Fig. 1: The AMCL library.
The symmetric encryption and hashing code, along with the random number
generation, is uninteresting, and since we make no claims for it, we will not
refer to it again. It was mostly borrowed from our well-known MIRACL
4 Handling Big Numbers
One of the major design decisions is how to represent the field elements required for
the elliptic curve and pairing-based cryptography. Clearly some multi-precision
representation will be required. Here there are two different approaches. One is to
pack the bits as tightly as possible into computer words. For example on a 64-bit
computer 256-bit numbers can be stored in just 4 words. However to manipulate
numbers in this form, even for simple addition, requires handling of carry bits if
overflow is to be avoided, and a high-level language does not have direct
access to carry flags. It is possible to emulate the flags, but this would be
inefficient. In fact this approach is only really suitable for an assembly language
The alternative idea is to use extra words for the representation, and then try
to offset the additional cost by taking full advantage of the “spare” bits
in every word. This idea follows a “corner of the literature”  which has
been promoted by Bernstein and his collaborators in several publications.
Refer to figure 2, where each digit of the representation is stored as a signed
integer which is the size of the processor word-length. Recently it has been
demonstrated that such a reduced-radix representation can take advantage of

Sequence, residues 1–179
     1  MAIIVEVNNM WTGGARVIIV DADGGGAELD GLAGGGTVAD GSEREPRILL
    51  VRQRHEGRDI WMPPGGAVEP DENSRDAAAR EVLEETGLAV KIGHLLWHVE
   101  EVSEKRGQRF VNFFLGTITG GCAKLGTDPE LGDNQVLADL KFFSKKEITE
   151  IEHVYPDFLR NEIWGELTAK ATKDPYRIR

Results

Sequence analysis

a simple form of Karatsuba multiplication to significantly reduce its cost
Almost all arithmetic takes place modulo a prime number, the modulus
representing the field over which the elliptic curve is defined, here denoted as
must be taken to ensure that the choice of number base allows for numerical stability
– in practice integer arithmetic overflow must never occur. Normally the maximum
number base possible should be used. A small utility is provided with the
library to assist with this choice. For example for a 32-bit processor a base of
almost always optimal.
As well as a “word excess” (that is the number of unused bits in every digit,
excluding the sign bit), there should also be a “field excess”, that is a number of extra
spare bits in the most significant digit of the representation. This facilitates so-called
lazy reduction (see below).
For example for a 256-bit prime modulus on a 32-bit computer, representing field elements
to the base
allows a word excess of 2 bits and a field excess of 5 bits. The overall representation
consists of 9 digits.
Such a representation of a big number is referred to as a BIG. Addition or